When I am on my way almost anywhere I pass the intersection of Columbus Boulevard and Washington Avenue and there, at any time of day or night I am reminded of the want and need that is present and visible in my city. About three years ago the corner was occupied by a couple who was there mostly in shifts. I haven’t seen them in a while, perhaps they have found work, or moved to a less competitive corner, as this one has become flooded with competition for sympathy and kindness.
When it was just them and I saw then daily I was sympathetic; I had recently lost a job, and was figuring out how to manage. I needed to be attentive and careful about my spending but I never worried about my ability to feed and clothe my child. According to their hand-written signs these two were much less fortunate. I gave them money whenever I felt I could, enough to buy a meal for themselves and their children (real or fictitious). The proof of their circumstances was seeing them grow gaunter daily.
Over the years that particular intersection has been inundated with more and more people asking drivers for a hand out. Every day there are more. They seem to work the area in shifts. Some are clearly mentally ill, one scares me, and one is someone I know. I’m sure different circumstances have brought them all to this intersection, and I find myself wondering what those circumstances were.
One of these people is a young woman who appears to be in her early twenties. She isn’t there every day, but she looks like you would expect; dirty and scruffy and like she is surviving on a diet of soda, coffee and junk from the nearby Dunkin’ Donuts. Her gaze is level and clear, she seems uncomfortable asking for money.
I’ve had the thought more than once that I could offer her a place to sleep and take a shower. I could offer her a washing machine to clean her clothes. There is no need for you to try to talk me out of this impulse; I won’t act on it. Their need overwhelms me; their situation and the unlikeliness that it will change. The money I can offer isn’t enough to make a difference, and as their numbers grow I find myself better at ignoring them, or occupying myself so they pass me by. I see the man I know and maneuver around him, hoping he won’t approach me.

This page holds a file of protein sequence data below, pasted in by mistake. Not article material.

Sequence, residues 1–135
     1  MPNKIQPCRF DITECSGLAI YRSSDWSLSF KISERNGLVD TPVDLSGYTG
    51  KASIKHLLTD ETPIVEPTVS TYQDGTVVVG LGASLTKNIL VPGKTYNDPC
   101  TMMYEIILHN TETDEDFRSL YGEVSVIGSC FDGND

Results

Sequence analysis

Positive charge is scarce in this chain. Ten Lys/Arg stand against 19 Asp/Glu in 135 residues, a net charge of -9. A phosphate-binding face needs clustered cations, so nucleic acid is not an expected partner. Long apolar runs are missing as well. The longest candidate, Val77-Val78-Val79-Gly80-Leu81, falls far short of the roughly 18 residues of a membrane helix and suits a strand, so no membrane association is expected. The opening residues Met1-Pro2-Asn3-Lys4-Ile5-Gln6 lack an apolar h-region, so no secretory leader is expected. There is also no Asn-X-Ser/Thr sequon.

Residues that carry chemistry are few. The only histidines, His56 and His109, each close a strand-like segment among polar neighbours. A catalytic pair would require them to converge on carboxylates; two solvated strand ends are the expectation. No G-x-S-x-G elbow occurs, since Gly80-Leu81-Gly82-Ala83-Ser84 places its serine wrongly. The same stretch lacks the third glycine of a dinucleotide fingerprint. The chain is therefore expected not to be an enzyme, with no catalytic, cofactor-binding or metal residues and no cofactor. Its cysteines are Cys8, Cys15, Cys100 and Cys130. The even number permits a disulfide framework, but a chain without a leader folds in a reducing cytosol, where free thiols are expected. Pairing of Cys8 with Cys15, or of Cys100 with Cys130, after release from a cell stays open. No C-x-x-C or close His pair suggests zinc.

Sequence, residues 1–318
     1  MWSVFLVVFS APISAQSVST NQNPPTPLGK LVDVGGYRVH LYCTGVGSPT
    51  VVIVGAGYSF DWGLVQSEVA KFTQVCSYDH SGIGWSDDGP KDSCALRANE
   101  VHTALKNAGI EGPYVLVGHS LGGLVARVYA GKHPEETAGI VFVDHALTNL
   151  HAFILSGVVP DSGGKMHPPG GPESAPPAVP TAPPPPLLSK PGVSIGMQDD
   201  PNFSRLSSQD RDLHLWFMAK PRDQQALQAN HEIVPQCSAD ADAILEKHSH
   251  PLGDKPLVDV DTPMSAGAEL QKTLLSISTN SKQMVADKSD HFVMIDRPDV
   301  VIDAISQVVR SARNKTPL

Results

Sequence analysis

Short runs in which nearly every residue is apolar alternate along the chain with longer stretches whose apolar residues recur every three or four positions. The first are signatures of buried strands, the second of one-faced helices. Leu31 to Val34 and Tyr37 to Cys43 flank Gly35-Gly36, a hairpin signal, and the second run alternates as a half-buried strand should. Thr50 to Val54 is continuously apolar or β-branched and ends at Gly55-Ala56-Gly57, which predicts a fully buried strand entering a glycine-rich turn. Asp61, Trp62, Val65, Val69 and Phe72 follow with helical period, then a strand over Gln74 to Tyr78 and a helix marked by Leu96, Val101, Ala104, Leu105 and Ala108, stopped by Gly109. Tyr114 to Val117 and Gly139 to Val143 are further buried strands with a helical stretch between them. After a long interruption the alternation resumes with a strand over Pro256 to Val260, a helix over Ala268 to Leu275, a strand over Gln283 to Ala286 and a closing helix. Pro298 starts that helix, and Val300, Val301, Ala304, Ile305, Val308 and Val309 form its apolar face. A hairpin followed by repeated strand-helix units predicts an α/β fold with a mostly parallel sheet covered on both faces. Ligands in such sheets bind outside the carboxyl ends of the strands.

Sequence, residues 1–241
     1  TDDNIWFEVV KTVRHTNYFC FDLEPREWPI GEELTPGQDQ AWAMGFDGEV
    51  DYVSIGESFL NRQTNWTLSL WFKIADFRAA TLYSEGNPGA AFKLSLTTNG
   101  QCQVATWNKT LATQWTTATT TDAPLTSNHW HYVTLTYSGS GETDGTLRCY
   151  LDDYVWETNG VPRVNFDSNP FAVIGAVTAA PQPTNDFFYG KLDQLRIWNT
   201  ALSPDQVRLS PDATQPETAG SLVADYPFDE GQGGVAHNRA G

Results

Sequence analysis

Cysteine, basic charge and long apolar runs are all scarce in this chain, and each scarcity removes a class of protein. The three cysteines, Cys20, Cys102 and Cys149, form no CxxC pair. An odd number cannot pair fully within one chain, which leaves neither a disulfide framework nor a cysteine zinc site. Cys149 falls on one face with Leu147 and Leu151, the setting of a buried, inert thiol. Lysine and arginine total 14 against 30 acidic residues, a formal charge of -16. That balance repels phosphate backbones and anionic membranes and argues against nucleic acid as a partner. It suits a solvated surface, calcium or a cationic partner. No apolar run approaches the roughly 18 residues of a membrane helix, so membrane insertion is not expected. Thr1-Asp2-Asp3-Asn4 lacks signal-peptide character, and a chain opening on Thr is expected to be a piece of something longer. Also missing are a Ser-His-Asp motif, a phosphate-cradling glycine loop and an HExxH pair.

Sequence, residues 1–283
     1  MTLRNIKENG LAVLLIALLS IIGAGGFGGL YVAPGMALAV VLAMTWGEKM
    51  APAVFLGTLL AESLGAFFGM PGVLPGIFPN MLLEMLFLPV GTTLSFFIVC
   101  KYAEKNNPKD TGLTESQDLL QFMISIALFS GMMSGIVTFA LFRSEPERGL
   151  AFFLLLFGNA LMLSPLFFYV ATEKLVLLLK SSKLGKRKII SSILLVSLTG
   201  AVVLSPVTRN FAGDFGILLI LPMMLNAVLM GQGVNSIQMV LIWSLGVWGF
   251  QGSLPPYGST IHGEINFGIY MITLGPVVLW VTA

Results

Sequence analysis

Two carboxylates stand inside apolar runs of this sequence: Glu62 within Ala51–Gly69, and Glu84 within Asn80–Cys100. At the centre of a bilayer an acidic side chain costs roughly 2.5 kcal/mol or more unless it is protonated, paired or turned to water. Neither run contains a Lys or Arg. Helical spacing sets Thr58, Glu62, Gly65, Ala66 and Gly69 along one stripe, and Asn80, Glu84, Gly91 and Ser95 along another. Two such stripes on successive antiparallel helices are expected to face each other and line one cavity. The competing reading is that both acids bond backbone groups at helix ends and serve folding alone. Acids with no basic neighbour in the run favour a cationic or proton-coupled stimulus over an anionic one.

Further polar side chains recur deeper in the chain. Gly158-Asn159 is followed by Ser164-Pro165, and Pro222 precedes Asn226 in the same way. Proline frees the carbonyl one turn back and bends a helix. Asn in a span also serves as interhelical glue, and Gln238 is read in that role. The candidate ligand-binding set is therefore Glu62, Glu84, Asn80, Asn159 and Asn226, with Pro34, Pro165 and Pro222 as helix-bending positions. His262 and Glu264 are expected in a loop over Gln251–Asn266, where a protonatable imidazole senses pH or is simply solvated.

A few months ago he was doing some work for my next door neighbor, Jeff, and he asked if he could do some work for me. I said he could, but he did a lousy job, and the price he quoted me went up more than once for a small job, leaving me feeling annoyed and resentful. While he was still working for Jeff he asked if he could borrow some money until Jeff paid him. I never got that money back.
When I mentioned to Jeff that I’d seen him begging nearby, Jeff said he was a crack addict, now living under the I-95 overpass with other addicts. Jeff warned me to call the police if he came around our houses. When I first saw him I wanted to ask for my money back. Did he think I was rich? Do I seem like money is nothing to me? What did it matter to him that I worked hard to manage my own life, and money? I feel a mix of righteous indignation and shame.
I have enough; a job, a roof over my head and a shower daily. I’m not rich, but compared to him, compared to the people who spend their days or nights at that intersection I am wealthy indeed. It’s easy to forget as I balance my checkbook and hope I’ll make it to September when I get three paychecks, and rent out my own bedroom for two nights because I need the money, that I am better off than most of the world’s population.
The corner of want and need exists in every city and town. Mine is nearby and visible, but many aren’t. There are kids who wait all weekend until Monday when they get to school and have food to eat. There are the invisible people who are too ashamed to ask for help. I hope the couple who were the first to wander that intersection found a home. My wish is they found a way to move to the corner of safety and security. I pray they never need to return to the corner of want and need and I know this isn’t likely.